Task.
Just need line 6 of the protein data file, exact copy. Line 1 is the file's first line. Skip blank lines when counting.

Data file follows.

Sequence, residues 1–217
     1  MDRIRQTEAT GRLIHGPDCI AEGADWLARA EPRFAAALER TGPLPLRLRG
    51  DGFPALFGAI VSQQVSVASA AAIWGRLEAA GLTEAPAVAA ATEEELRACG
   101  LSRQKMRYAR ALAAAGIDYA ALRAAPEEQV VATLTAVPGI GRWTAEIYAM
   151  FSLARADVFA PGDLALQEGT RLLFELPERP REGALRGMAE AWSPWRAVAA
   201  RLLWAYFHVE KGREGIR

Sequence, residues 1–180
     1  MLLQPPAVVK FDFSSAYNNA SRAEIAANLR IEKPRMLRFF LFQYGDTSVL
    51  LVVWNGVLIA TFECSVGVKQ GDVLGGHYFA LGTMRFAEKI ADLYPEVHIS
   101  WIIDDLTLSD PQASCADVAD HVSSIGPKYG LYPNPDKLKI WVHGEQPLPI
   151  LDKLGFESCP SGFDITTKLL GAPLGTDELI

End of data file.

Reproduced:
   201  RLLWAYFHVE KGREGIR